Below: From Saugues, we began our crossing of the high, dry Aubrac plateau. I’d begun suffering from a very painful heat rash on the back of my calves, so was not looking forward to the 30km we’d be walking today. Before it got hot, there was a fantastic early morning haze that made us feel like we were in Middle Earth.

Below: A more beautiful morning could not have been imagined.

Below: Along the way, we passed a dairy farm. Stopping for water at their thoughtfully placed pilgrim fountain, we got talking to the owner, who gave us a tour. We met the cows whose milk made the cheese, saw the preparation area (below), and bought some samples to have for lunch. Ori was already suffering from blisters at this point.

Below: On the Aubrac plateau, very dry at this time of year. The transhumance had not yet occurred, so the pastureland was empty. There were many bothies (for shepherds and probably the occasional pilgrim) along the way, too.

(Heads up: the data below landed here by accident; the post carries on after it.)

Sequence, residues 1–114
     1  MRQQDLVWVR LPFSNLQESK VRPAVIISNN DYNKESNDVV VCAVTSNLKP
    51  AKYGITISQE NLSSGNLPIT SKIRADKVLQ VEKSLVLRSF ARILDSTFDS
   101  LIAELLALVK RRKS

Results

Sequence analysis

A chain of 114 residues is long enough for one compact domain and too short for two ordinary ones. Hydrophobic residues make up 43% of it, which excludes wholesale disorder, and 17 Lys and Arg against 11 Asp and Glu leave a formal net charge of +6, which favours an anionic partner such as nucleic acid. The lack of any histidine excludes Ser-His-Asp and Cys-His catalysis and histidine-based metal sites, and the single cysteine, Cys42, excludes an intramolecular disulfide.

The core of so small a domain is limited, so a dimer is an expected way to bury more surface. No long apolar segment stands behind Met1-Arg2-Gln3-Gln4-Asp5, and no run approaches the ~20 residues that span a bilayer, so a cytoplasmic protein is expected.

Below: Stopping for a water break in Le Sauvage, a former Templar hospital. Many farms and villages in France had public washing troughs that served up ice-cold “eau potable.”

Below: A shepherd takes his flock down the path in front of us. It was always fun to see this! Unfortunately, I was in nearly unbearable pain from my heat rash at this point, and I could hardly limp into St-Alban. Ori helped to carry my bag and Manu Steven translated for me at the pharmacy while we tried to find something that could sooth my burning legs.

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